[Algorithm] Insane DFS
The hardest problem in the latest weekly HackerRank challenge looks like a problem of graph theory, but only at the superficial level. It is not hard to tell that the "suitable array" defined by DFS traversal throughout a rooted tree is equivalent to all and only arrays a satisfying these constraints:
- a = 0, a = 1 if N > 1
- For n > 0, a[n] ≤ a[n - 1] + 1
Let's start with DP. Let D[x][y] be the number of arrays a[0 ... x] with a[x] ≥ y. Then, the number of arrays a[0 ... x] such that a[x] == y is exactly D[x - 1][y - 1] because a[x - 1] must be no less than y - 1. Thus we have relation
D[x][y] = D[x - 1][y - 1] + D[x][y + 1] (*)
with some boundary conditions, including D[x] = D[x]. For simplicity we can append a[N] = 1 in order to find the final answer. Suppose a[x0] and a[x1] are the only fixed numbers in [x0, x1], the core task is to compute f(x0, y0, x1 - 1, y1 - 1) = D[x1 - 1][a[x1] - 1] from D[x0] = D[x0] = ... = D[x0][a[x0]] = 1, and the final answer will be the product of all such f(x0, y0, x1, y1) modulo M.
With initial observations, I almost felt f(x0, y0, x1, y1) has binomial form C(a, b), although it doesn't because of boundary condition D[x] = D[x]. After some calculations, I noticed the nice relation
f(x0, y0, x1, y1) = C(2W - H, W) - C(2W - H, W - y1 - 1)
where W = x1 − x0, H = y1 − y0. The proof is actually mathematically very interesting.
Imagine you're on an infinite xy-plane and stand at cell (0, y0). Relation (*) says you can only go in two directions (1, 1) or (0, -1). Denote them by step A and B. Then D[x1][y1] is the number of shortest path you may take to get to cell (x1 − x0, y0), and the constraint D[x] = D[x] implies you are not allowed to go below x-axis. Now, C(2W - H, W) is the number of shortest paths you could take without this contraint. This is because to go from (0, y0) to (x1 − x0, y1), the number of A step you need is exactly x1 − x0 = W since only A step makes x-direction move. The number of required B step to count for y-direction move is hence y0 − y1 + W = W - H. We could also transform the xy-plane to x'y'-plane with x' = x and y' = y - x. There A step become horizontal step (1, 0) and B step is vertical downward (0, -1), i.e. everything is square and not tilted.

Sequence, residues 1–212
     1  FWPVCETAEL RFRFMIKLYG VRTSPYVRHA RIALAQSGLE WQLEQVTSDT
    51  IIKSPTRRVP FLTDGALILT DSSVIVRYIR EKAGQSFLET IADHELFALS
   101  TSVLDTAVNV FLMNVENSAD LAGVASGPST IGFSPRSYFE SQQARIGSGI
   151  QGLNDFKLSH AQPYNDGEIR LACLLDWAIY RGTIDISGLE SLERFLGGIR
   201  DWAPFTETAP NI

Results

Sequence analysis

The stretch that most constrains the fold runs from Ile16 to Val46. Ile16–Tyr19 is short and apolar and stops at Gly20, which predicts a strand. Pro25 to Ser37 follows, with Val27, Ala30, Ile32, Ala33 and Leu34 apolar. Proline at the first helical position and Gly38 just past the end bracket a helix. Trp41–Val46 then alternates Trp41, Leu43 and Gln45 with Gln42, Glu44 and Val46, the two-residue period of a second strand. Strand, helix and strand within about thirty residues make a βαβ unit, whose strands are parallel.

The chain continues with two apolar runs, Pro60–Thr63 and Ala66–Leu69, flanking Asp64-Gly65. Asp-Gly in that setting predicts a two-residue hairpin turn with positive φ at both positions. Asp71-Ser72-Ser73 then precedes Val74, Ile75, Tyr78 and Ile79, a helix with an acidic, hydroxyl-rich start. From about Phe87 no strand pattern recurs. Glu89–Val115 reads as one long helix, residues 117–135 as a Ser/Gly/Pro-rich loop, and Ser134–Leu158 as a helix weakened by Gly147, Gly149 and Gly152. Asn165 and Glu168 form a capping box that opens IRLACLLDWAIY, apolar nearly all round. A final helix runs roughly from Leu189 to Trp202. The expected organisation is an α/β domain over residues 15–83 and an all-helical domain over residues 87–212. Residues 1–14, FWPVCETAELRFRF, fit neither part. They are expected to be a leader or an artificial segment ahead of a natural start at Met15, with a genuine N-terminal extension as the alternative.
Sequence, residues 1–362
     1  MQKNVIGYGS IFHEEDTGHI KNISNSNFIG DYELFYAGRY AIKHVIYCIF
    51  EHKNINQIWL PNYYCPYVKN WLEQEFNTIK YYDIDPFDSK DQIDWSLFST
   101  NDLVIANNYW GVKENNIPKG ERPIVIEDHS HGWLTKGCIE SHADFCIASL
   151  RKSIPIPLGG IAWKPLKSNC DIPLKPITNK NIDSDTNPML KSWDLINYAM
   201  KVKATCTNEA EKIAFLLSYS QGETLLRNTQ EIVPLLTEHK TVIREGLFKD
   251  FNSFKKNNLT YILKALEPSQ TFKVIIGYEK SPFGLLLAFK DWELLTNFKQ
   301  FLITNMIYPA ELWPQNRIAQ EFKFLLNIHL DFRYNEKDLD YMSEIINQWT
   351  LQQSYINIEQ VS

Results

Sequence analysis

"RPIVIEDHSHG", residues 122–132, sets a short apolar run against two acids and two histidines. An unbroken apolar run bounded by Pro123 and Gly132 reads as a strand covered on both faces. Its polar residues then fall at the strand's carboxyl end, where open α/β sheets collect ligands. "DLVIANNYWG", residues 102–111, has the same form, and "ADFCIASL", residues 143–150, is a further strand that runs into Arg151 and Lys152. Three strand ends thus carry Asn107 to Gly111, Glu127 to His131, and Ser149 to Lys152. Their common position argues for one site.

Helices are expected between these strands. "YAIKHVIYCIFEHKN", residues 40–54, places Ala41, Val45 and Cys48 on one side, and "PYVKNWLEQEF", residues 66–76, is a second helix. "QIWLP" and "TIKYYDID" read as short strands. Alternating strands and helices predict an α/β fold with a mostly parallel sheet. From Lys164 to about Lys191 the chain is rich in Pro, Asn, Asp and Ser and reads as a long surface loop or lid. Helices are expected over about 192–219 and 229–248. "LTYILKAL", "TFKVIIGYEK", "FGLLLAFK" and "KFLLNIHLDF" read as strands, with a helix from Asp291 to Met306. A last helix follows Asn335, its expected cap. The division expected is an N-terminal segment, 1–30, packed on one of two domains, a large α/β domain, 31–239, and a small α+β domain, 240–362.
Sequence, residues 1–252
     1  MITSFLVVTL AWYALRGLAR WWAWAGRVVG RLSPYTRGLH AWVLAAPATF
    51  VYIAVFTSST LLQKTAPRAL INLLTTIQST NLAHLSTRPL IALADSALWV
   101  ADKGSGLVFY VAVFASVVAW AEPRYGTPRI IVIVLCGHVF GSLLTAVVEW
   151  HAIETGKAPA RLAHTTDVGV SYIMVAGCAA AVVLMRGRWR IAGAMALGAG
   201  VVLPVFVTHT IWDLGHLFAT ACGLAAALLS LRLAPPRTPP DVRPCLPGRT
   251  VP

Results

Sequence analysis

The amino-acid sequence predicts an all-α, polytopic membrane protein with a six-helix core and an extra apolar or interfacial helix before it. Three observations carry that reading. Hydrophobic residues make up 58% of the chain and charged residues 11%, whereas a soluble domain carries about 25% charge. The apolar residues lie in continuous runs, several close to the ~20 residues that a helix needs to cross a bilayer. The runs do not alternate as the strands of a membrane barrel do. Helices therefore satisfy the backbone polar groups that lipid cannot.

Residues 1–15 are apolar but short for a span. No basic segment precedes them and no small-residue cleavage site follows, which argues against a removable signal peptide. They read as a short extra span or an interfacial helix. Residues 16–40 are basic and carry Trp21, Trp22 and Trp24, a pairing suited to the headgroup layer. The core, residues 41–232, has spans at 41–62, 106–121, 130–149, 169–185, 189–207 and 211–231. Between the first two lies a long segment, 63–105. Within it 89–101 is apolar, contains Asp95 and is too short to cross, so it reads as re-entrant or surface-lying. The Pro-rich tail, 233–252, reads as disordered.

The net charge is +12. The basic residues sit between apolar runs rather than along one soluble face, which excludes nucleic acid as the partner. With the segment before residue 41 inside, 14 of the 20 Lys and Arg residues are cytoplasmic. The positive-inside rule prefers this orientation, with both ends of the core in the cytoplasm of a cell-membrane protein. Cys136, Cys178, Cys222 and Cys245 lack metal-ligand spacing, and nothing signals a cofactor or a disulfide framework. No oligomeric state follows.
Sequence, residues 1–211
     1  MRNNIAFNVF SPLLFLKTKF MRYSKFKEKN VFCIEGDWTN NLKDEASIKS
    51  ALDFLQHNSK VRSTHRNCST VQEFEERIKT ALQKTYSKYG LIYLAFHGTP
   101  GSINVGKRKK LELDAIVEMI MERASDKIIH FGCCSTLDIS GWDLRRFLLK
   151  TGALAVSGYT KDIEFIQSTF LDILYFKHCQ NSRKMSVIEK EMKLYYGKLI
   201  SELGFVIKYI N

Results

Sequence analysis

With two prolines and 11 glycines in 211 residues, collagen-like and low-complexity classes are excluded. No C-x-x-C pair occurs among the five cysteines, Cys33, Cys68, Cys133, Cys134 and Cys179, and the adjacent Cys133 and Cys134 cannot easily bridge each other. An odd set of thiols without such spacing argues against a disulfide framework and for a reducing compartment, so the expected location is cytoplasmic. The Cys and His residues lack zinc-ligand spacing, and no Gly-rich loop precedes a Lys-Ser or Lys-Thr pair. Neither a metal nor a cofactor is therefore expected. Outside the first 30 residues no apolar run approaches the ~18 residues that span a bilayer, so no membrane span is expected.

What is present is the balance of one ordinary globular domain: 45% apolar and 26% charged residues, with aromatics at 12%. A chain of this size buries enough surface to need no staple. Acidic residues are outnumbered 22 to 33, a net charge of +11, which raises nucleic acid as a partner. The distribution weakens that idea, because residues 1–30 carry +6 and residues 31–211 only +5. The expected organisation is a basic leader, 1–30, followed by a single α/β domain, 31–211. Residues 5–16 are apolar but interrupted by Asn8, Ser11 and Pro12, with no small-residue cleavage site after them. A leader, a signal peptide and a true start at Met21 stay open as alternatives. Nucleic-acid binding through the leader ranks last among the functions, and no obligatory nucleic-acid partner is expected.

We now have to show C(2W - H, W - y1 - 1) is number of shortest paths that goes under x-axis in xy-plane. Going under x-axis is the same as stepping into zone x' + y' < 0 since y = x + y' = x' + y'. What is the number of such shortest paths? For illustration we draw an example of y0 = 2, W - H = 6, x1 − x0 = 13 in x'y'-plane below, where the goal is to go from upper left corner to lower right corner by stepping in at least one '*' cell, i.e. all '*' cells have x' + y' < 0.
(0, 2) oooooooooooooo oooooooooooooo (0, 0)oooooooooooooo *ooooooooooooo **oooooooooooo ***ooooooooooo ****oooooooooo (13, -4)
Here's the magic: we can 'fold' the plane along x' + y' = 0 to get this:
(0, 2) oooooooooooooo oooooooooooooo (0, 0)oooooooooooooo *ooo---------- **oo---------- ***o---------- ****---------- (13, -4) ++++ ++++ ++++ ++++ ++++ ++++ ++++ ++++ ++++ ++++ (3, -14)
Fold all the '-' cells to the '+' cells shown above. There's then a 1-1 mapping between the original shortest paths from (0, 2) to (13, -4) touching at least one '*' cell and the shortest paths from (0, 2) to (3, -14), and so the number of shortest paths is C(19, 3). To generalize, with some counting we can thus prove that it's C(2W - H, W - H + 1 - (y0 + 1) - 1) = C(2W - H, W - y1 - 1)
Overall, this solution takes O(N) computation of binomial coefficient C(a, b). Assuming each C(a, b) requires O(b)log(M) where M is 109 + 7 and b = O(W), each boils down to O(W)log(M). The total time complexity is then O(N)log(M) and space complexity O(1).
post by Shen-Fu Tsai